Well it finally arrived  about a week ago, but with a weekend away between now and then I'm only just getting to grips with it.

Nicely packaged with the main unit and keyboard in separate boxes. The fabric sleeve for the main unit is bright blue. I rarely used the one with the StarLite II, but this one will be useful when the keyboard is not attached.

The keyboard has a back panel which the main unit sits on and connects to pins in a gutter at the bottom near the hinge. The top of the back folds to make a sort of stand. Some major flaws here:

  • Using the top of the back as a fold down stand for a unit of this size is a silly idea. When folded into stand position it makes it hard to pick up the combined unit without accidentally detaching it - not good if it is on your lap and you need to put it aside without shutting it
  • The magnet which holds the main unit down on the pins is much to weak so that is very easy to dislodge and detached the unit from the keyboard accidentally.
  • The hinge itself is just a strip of thin plastic joining the keyboard base to the back and is very floppy. This is a barely satisfactory arrangement on smaller tablets, but here it is a bit of a disaster if trying to use it as a laptop on your lap
  • The keyboard itself is very flimsy and flexes easily. Coupled with the poor hinge, weak connection, and the klunky stand arrangement, the unit is totally unsuitable for any use except on a table or firm surface.
  • Finally the pen is attached to the keyboard in an addon tube of plastic on the left hand side. Apart from being on the wrong side for the 90% of users who are right handed, it is one the wrong unit anyway - it needs to attach to the side of the screen, preferably with a good strong magnet like the pen on my Boox small monochrome tablet that I use as a Kindle and for sketching and handwritten note taking.

All in all a big disappointment before even turning it on. All of those criticisms are only reinforced by the first week of use - mostly spent configuring it. Where my previous StarLite (a mk II) felt like a quality bit of kit from the outset here this does not apply. I hope  am wrong but I fear neither the hinge nor the pen holder are robust enough to last much more than a year.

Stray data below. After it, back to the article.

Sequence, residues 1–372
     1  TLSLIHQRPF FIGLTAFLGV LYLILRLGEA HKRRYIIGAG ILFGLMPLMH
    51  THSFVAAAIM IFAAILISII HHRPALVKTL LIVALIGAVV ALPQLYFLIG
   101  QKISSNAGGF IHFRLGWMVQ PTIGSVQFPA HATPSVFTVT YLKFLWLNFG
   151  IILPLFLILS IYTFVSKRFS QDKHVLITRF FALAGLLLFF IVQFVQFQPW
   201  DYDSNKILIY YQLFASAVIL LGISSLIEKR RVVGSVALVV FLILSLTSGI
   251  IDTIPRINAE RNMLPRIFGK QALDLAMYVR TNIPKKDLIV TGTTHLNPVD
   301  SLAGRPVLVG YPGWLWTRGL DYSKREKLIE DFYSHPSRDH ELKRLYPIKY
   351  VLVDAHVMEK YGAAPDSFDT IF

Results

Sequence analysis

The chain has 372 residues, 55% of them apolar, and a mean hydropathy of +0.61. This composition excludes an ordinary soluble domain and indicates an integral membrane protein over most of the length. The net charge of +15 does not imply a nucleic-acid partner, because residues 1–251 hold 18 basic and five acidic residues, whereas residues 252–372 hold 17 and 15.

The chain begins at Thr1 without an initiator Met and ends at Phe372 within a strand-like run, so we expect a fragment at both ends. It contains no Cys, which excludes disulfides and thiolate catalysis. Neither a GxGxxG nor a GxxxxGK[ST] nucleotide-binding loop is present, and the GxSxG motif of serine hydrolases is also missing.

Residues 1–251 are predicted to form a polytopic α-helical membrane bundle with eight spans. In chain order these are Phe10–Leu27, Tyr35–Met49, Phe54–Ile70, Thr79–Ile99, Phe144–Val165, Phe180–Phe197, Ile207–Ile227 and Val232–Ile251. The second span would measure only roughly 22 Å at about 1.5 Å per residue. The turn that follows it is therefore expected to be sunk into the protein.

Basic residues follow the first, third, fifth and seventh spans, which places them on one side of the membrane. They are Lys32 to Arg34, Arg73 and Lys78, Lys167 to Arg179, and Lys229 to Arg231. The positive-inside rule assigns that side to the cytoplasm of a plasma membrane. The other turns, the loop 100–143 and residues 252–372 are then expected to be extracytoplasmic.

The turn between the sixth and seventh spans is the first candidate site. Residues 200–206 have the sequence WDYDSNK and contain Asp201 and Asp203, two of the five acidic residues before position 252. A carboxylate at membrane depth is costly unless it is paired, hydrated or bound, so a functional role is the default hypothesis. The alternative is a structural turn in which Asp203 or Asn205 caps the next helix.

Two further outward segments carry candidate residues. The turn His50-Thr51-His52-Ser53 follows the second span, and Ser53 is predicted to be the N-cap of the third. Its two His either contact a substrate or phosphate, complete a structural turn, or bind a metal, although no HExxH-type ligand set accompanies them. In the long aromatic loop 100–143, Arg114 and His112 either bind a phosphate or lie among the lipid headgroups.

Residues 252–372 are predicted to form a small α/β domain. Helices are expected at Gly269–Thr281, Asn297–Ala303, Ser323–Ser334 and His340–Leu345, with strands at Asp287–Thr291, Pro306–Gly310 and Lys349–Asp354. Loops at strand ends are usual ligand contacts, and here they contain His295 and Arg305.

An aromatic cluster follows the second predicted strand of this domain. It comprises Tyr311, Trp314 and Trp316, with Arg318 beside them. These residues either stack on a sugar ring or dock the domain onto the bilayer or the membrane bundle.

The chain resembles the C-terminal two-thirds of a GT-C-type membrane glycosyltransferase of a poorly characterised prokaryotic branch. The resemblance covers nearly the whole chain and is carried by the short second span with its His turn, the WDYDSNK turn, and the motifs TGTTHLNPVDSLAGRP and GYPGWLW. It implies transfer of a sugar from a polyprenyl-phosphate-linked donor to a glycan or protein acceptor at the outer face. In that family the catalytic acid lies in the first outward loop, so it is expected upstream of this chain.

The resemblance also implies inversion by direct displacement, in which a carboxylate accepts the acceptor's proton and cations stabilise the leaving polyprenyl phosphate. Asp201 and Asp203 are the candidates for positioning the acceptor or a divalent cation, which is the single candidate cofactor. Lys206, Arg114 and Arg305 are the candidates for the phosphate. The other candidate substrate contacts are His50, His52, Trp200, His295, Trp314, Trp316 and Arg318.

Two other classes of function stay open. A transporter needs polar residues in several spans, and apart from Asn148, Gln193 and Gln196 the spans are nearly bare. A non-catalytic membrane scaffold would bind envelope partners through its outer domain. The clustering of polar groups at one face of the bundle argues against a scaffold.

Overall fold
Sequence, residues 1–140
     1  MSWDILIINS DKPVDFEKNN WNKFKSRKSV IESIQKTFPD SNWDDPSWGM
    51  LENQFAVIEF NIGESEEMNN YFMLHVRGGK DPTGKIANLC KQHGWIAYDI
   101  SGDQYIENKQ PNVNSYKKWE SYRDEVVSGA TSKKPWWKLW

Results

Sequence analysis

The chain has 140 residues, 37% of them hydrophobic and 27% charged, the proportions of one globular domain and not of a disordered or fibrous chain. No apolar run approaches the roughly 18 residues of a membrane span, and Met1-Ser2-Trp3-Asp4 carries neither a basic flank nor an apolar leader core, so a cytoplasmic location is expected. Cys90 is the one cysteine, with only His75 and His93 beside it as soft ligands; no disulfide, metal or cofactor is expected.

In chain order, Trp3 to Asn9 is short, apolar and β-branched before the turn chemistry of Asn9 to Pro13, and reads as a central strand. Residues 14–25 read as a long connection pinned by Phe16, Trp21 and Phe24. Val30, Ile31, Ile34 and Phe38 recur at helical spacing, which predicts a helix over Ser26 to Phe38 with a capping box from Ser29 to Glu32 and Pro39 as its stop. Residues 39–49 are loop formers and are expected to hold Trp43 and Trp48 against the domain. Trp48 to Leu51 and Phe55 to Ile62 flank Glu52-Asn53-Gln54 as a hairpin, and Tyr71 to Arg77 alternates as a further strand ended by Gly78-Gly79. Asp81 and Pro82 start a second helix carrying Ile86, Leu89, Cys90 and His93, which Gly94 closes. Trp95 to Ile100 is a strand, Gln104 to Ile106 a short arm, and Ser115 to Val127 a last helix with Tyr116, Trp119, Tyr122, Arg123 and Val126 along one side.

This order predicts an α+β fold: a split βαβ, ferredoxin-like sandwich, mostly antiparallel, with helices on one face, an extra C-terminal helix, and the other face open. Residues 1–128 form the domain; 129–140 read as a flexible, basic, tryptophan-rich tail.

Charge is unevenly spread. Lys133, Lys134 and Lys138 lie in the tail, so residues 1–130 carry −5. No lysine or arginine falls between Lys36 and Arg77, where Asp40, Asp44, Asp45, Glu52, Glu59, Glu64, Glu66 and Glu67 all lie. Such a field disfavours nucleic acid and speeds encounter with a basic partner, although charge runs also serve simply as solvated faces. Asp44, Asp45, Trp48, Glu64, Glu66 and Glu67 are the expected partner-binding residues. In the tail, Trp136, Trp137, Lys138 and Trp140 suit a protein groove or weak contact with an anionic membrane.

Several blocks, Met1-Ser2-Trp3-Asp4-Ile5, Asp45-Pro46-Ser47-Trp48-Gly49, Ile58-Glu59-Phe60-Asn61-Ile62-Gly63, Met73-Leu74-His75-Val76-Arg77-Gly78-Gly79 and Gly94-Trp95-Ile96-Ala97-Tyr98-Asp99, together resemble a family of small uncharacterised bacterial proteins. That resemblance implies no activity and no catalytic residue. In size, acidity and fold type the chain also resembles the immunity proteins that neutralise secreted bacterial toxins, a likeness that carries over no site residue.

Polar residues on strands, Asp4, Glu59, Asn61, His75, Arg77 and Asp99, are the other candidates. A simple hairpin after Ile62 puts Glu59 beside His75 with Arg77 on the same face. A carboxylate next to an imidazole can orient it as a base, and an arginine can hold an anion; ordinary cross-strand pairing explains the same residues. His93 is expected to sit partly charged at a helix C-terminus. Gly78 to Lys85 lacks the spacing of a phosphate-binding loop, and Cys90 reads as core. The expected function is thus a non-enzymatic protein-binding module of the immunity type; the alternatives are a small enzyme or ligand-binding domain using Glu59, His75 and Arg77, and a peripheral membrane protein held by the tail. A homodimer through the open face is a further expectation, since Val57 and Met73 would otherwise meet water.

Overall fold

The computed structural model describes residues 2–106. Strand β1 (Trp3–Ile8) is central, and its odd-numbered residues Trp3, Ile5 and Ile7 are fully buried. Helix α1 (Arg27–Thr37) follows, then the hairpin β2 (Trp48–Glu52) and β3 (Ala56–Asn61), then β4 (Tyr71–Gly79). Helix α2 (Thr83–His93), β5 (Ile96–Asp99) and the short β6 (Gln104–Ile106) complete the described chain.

The first surprise came when turning it on, rather than Ubuntu 22.04 which was the default when ordered 9 months ago, it has come with 24.04. Yes this is the latest LTS, but it would have been nice to be asked. I would probably have said okay but that would have been before discovering the downsides:

  1. 24.04 has changed the default install to be a "minimal" version with all sorts of bits left out compared to 22,04 - yes you can reinstall them, but there seems to be no coherent list on t'internet as to what is missing, so you wont know what you need until something doesn't work.
    That's ok I thought: I'll simply reinstall Ubuntu with the full option - sadly a vanilla reinstall started by turning the screen upside down during the install process with no means of switching it back, and then crashwd and burned producing a black screen panic. Fortunately it recovered the original after a total shutdown and two reboots thank goodness. Must make a recovery disk and full backup after finishing this post.
  2. You need to be aware that 24.04 now uses Wayland for windowing by default. Xorg X11 is still available as an option on the login screen - you might need it if you are using Eclipse and some other applications as Wayland is still buggy
  3. 24.04 is only 3 months old and used Gnome 46. Many Gnome extensions have not yet released Gnome 46 versions. You'll come up against this when you try to get the touchscreen onscreen keyboard working with a pen and a better layout. You may also find some extensions that are getting sync'd across devices by your browser don't work

On these points it is worth remembering that unless you have good reason it is always worth waiting 6 months after release before upgrading to a new major version of anything that ain't brole, including operating systems,

Ok so I finally got it turned on and Ubuntu configured (the three dots to select more keyboard layouts was not visible for some reason, so I had to select a US layout and then add UK and delete US once it was up and running.